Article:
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Stronger Together: Shared Approaches to E-Resource & Repository Usage Reporting for Academic Libraries

Ms Louise Dick
1, Ms Jo Lambert2

1CAVAL, 2Jisc

E-resources are central to today’s academic library collections and account for a significant proportion of library spend. In order to demonstrate value and impact, to maximise investment and shape collections, it is important to have meaningful usage data for library resources. However, obtaining figures that are reliable, consistent and comparable across publishers and platforms can be a challenge.

In response to common difficulties expressed by its member libraries in harvesting and reporting usage of multiple electronic resources, CAVAL (an academic library consortium in Australia) approached and subsequently partnered with Jisc (providers of digital solutions for UK education and research) to introduce the Journal Usage Statistics Portal (JUSP) service

to Australia and New Zealand. This presentation will describe the JUSP project, the subsequent pilot of Jisc’s Institutional Repository Usage Service (IRUS), and the possibilities for further international collaboration, demonstrating that united needs and collaborative approaches lead to stronger solutions. JUSP is a standards-based service from Jisc, supported by a growing list of participating publishers, that collects, checks and presents individual libraries with a dashboard of reports on their eresource usage.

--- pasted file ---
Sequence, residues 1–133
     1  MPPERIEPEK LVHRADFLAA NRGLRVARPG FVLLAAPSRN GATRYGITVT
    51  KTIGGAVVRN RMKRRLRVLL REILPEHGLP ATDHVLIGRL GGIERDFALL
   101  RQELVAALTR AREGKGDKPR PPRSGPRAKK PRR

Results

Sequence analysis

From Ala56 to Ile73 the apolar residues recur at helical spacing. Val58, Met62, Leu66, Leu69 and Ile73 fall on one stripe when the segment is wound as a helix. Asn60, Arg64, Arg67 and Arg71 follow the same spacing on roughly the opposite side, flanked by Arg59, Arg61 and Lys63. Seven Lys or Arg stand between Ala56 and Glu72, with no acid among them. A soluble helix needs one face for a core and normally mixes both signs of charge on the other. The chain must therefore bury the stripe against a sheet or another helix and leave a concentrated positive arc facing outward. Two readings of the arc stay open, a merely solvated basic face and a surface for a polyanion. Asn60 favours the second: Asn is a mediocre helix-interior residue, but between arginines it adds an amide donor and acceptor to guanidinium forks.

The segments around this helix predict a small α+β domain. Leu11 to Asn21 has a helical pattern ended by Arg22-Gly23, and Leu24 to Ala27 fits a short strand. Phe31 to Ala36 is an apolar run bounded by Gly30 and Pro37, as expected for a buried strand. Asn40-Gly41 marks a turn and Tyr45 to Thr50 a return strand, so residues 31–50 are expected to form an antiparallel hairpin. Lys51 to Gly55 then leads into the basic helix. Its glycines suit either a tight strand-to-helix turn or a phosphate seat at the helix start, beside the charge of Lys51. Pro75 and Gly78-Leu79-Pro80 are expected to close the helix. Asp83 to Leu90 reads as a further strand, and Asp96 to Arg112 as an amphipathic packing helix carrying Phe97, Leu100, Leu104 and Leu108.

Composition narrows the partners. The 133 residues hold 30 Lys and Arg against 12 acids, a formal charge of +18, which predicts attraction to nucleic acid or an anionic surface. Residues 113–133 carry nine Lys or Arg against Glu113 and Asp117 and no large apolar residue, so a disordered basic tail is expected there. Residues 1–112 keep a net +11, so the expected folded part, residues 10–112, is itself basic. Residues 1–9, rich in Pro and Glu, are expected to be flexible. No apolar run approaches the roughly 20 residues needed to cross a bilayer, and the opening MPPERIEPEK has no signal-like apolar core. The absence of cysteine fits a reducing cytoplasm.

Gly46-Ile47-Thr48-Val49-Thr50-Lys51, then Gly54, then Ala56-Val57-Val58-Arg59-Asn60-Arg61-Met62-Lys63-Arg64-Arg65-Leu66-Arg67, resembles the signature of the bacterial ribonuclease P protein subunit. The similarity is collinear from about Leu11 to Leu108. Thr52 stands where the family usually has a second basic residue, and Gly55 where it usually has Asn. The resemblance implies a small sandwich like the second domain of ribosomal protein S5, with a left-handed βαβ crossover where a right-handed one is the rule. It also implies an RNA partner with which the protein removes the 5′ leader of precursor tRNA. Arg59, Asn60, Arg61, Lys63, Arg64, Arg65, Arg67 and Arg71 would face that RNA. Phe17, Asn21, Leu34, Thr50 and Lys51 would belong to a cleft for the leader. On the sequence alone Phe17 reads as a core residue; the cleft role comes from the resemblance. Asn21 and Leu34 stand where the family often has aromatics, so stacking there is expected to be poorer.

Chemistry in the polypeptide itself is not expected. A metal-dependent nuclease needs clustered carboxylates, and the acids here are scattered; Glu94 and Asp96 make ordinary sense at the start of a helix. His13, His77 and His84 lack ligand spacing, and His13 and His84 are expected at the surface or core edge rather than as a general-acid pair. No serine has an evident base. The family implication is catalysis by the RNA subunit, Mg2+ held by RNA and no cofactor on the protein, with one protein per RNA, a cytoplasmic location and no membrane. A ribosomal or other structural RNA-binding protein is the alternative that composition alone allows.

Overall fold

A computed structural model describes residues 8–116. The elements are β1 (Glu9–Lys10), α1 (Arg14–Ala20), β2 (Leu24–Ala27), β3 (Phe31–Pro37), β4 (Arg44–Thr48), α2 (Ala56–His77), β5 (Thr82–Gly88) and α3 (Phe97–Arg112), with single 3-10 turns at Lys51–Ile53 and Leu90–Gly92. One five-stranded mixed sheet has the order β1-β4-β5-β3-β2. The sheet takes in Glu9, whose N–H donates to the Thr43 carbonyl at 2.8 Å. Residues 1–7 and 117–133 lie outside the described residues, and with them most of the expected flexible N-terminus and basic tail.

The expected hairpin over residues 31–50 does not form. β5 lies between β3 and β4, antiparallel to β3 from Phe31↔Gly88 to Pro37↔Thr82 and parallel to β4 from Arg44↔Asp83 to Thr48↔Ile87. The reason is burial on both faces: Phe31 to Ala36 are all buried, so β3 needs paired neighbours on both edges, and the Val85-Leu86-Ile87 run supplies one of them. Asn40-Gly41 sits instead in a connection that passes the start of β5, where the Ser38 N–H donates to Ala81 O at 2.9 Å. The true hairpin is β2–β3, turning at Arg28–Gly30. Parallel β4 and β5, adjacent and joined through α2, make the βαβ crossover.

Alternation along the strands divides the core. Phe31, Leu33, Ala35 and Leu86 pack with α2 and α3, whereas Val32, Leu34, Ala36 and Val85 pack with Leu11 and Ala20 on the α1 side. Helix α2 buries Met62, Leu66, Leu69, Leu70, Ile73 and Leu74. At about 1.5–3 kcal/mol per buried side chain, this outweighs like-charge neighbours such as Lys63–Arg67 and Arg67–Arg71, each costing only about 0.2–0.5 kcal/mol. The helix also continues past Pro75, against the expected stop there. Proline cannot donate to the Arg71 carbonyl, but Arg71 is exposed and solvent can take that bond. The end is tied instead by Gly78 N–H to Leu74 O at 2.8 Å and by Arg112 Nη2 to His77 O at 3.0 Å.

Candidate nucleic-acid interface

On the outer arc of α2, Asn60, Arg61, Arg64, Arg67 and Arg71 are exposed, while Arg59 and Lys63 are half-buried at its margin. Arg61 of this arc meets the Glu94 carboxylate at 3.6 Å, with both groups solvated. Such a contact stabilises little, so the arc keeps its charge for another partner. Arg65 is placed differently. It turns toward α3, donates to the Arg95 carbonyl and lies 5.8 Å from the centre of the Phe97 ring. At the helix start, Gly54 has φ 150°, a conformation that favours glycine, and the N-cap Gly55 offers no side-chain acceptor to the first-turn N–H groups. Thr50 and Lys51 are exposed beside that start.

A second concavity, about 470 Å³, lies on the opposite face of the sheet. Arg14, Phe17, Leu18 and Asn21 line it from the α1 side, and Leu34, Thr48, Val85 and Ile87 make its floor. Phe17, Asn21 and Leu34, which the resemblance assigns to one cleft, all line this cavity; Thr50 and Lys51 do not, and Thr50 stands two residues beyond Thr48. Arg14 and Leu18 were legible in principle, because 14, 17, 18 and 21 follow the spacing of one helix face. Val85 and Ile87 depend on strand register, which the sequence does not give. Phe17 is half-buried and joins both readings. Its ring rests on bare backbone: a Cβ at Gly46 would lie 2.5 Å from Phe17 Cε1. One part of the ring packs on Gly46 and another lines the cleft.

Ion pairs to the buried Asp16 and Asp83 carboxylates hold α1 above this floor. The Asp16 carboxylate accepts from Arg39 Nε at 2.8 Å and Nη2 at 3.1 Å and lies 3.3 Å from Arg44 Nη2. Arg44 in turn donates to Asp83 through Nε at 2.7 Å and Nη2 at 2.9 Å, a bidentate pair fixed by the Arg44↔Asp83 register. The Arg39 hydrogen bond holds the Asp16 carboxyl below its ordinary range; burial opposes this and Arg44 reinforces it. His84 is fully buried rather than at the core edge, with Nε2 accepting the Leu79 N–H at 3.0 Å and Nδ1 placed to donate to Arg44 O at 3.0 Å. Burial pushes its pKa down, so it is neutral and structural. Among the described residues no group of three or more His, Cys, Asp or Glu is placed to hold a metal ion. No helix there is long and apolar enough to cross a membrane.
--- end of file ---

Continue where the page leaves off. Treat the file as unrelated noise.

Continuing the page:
An initial, five institution JUSP pilot in ANZ, swiftly tipped over to a live service, with JUSP currently being used by 22 university libraries in Australia and New Zealand, with local support from CAVAL. Trusted, comparable data also underpins sector-wide reporting. In 2017 the inclusion of new data elements on ebook and ejournal usage in the CAUL (Council of Australian University Librarians) annual library statistics collection was in part influenced by the uptake of JUSP within the community.

The Jisc-CAVAL collaboration has now extended to a 2018 ANZ pilot of Jisc’s IRUS service, running in tandem with a USA pilot, addressing similar challenges around consistency and comparability of usage data for institutional repositories, with the potential to support local, national and international reporting.

Both JUSP and IRUS are user-driven services from Jisc, developed in response to academic library requirements. Meeting the united-needs of a growing international community of users, whilst partnering with member-driven organisations like CAVAL, can only help such services grow stronger.